Acrostic Song

Literary Genres › Songs and Poems | Literary Genres › Acrostic | Literary Genres › Advice | Tibetan MastersJamyang Khyentse Chökyi Lodrö

English | Deutsch | Français | བོད་ཡིག

Jamyang Khyentse Chökyi Lodrö

Jamyang Khyentse Chökyi Lodrö

An Acrostic Song

by Jamyang Khyentse Chökyi Lodrö

Ahoy, yogins and yoginīs!
Be not indifferent but practise Dharma!
Care for yourselves, my friends of leisure.
Do not conduct yourselves as I do:
Eschew clamour and distraction.
Fashion yourselves however you wish.
Give up craving for tea, alcohol and food.
Have no wish to wander about like the oblivious.
Integrate the Tathāgata’s teachings,
Joining their various elements as one.
Knowing that we’re fortunate to be together now,
Let us practice the Dharma continuously.
Most forms of erratic behaviour
Necessarily lead others to lose faith.
One must not simply lie about like a cow.
Provide maternal loving care for all.
Quite as lovely and appealing as a camara,[1]
Remain invulnerable to the heat and cold.
Strive for the constancy of the Ganges as it flows.
Take to mountain retreats like a fox to his den.
Upon your head as a hat wear the guru’s visualization—
Vivid, never forgotten even for so much as a moment.
While avoiding hectic and trivial activity,
Execute only refined conduct at all times.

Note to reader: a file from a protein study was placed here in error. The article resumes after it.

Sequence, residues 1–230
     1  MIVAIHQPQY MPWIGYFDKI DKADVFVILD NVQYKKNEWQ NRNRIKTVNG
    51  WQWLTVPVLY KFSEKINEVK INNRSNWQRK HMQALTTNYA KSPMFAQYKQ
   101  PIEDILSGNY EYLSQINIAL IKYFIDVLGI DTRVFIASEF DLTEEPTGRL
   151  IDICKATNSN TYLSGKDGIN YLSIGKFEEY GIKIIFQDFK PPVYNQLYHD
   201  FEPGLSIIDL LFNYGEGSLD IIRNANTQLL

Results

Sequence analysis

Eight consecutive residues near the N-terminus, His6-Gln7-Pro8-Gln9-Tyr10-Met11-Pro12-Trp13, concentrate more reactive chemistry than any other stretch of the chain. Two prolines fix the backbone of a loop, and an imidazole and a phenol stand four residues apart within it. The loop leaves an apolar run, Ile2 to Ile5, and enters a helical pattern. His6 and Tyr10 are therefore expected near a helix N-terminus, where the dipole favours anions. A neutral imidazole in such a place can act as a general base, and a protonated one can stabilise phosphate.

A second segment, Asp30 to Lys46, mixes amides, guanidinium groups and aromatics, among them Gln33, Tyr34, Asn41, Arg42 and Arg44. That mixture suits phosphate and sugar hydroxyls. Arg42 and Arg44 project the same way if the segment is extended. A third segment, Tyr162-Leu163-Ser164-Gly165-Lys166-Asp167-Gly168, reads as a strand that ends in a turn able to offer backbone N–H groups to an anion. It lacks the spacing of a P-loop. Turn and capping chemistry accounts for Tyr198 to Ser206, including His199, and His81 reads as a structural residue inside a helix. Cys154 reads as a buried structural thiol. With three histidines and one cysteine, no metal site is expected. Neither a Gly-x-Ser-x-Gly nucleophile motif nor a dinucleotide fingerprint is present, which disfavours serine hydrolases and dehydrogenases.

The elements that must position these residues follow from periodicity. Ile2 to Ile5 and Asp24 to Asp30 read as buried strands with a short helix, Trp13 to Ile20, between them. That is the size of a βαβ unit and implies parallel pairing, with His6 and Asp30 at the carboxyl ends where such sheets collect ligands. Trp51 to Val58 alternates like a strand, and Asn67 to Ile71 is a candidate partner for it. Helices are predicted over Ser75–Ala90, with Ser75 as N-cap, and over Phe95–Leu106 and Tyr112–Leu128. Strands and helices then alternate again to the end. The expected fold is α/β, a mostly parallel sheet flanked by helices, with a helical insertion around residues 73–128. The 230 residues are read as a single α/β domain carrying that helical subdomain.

You must strive to be as stable as Ramaṇa,[2]
Zealous not sporadic throughout your whole life.
Pass, like a deer, through every stage,
And reach the end of the ten bhūmis.
With a roar of laughter, “Ha! Hi!”
Let us realize the meaning of A, the unborn,
And empty the pit of saṃsāra from its depths.

By Chökyi Lodrö.

| Translated by Adam Pearcey with the generous support of the Khyentse Foundation and Tertön Sogyal Trust, 2020.


Tibetan Edition

'Jam dbyangs chos kyi blo gros. "ka rtsom mgur ma/" in ’Jam dbyangs chos kyi blo gros kyi gsung ’bum. 12 vols. Bir: Khyentse Labrang, 2012. W1KG12986 Vol. 8: 339–340

Version: 1.2-20230714

  1. i.e., the tail of a yak which can be used as a chowry or fly whisk.  ↩

  2. i.e., Rāma, the eponymous hero of the great Indian epic, the Rāṃāyaṇa.  ↩

This website uses cookies to collect anonymous usage statistics and enhance the user experience.